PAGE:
Anyway, what often gets lost in the discussion of slavery is the simple fact that, to a large degree, slaves were an economic necessity at the time. No farmer, large or small, was going to succeed without the help of slaves, be they owned or indentured. With that in mind, it's not so surprising that there were free blacks who owned slaves.

Bizarre time in our history.

cjh

Kari said...

Laura,
This was a great review and definitely a book I will have to pick up! I don't tend to focus as much on the Civil War, but I have a feeling I would really enjoy this book.

Maybe this should be your next pick?!?!?

Karen said...

Sounds like a really interesting book Laura. I have seen it around before so I might need to pick it up. I'm actually very interested in that period of American history even though I am Australian!

Literary Feline said...

This is a book that has been on my must read list for awhile now. I am glad to hear you enjoyed it!

Anna said...

Lorlasita! I like your new blog layout:) I also like that you listed your top 10 books of 2008 because now I'll have some ideas!..although I have already read a couple of them since you loaned them to me:) I acutally just picked up an Edward P. Jones book at the library a couple of weeks ago...can't remember what it is called but if I read it I'll let you know if it's good or not!

Laura said...

Jeane--I can see how this would be a difficult book to get into--especially until one gets used to the writing. I had to re-read passages frequently throughout the entire book. It was worth it though!

Nicole--thanks for stopping by! I think if you could get past the first chapter, you would start to get into the flow of the writing and enjoy it!

Nymeth--I re-read your review a few days ago, and you articulated my very thoughts (much better than I can). This will probably be one of my favs of this year.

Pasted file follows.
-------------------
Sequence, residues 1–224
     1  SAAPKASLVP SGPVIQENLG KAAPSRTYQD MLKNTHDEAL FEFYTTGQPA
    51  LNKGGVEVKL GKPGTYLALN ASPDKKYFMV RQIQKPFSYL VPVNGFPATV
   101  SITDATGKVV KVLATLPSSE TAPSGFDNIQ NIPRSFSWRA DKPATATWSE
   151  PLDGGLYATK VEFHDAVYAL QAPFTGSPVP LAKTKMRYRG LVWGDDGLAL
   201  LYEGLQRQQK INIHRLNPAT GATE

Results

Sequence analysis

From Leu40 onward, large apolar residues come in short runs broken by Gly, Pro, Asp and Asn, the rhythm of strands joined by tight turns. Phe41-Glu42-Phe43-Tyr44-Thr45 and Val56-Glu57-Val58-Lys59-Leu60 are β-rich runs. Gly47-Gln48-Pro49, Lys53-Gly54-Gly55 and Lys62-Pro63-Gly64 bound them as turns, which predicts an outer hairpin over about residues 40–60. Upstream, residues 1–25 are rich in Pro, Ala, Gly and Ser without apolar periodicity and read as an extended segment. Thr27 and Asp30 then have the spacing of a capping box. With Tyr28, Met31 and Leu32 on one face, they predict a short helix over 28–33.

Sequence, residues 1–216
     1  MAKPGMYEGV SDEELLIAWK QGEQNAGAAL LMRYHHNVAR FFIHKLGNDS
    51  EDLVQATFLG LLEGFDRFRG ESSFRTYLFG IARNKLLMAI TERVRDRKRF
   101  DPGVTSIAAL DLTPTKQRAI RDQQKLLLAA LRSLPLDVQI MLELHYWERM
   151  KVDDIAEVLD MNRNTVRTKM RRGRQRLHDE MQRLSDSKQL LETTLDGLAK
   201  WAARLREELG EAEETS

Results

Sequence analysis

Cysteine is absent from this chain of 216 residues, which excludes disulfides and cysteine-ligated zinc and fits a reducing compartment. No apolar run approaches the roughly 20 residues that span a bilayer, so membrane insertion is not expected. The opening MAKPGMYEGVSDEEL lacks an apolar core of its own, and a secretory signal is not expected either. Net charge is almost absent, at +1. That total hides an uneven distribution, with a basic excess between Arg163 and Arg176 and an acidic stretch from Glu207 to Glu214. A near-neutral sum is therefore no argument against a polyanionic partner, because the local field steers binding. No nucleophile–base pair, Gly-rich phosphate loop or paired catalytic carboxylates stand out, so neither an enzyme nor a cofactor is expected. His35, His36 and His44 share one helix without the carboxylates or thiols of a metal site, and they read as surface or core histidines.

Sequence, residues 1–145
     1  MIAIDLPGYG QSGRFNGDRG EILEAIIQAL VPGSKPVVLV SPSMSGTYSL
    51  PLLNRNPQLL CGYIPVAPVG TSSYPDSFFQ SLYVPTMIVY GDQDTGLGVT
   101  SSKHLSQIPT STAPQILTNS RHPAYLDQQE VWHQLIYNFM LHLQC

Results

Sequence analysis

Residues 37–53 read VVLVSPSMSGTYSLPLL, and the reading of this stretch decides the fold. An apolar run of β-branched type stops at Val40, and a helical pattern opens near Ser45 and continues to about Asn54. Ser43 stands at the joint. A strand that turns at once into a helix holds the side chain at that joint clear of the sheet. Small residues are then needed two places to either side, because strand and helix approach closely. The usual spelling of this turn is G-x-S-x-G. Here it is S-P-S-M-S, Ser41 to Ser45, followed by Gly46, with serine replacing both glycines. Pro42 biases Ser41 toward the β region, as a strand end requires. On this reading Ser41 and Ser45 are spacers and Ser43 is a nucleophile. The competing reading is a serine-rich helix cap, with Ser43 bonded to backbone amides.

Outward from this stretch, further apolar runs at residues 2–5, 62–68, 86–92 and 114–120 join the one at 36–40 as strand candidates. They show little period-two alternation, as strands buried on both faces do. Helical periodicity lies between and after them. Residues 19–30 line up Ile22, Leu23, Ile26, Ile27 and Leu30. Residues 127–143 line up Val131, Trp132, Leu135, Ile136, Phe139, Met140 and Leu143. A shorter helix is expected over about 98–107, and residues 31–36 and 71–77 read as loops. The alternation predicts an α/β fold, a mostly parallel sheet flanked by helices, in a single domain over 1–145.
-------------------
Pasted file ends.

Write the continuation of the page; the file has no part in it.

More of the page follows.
Dar--I'm glad you liked it as well! Have you thought about reading his other book? Lost in the City, I think it's called.

Trish--thanks, I like it too! It would have been a good pick for my next book club book. I think you should still read it soon, even though I'm going to pick something different ;) I didn't find an exact statistic for the number of former slaves who owned slaves-I don't know if there is one recorded. It was very interesting to read about the small percentage of southerners who actually owned slaves. Many who fought for the South in the Civil War didn't own slaves at all.

Laura said...

CJ--how did the farmers manage after the slaves were emancipated? I know some slaves stayed on and worked at the same plantation but were payed wages (even if they were meager), but farming cotton still continued after slavery was abolished, so could you consider slavery an economic necessity? . I really should read more on the subject!

Kari--both you and Trish said I should maybe pick this for my next book club book. Now that I've read it, I want to pick something different though. I think you would like this one!

Karen--like CJ said, that was a very bizzare time in American history--I find it quite fascinating to read about!

LF--I hope you are able to read it soon!

Anna--I already have at least one book I'm going to bring in March for you to read. I think you would really like this one too, but it is better if you can sit and read it for long periods of time. I think if you didn't read it for a stretch of a couple of weeks or so, you could easily get confused.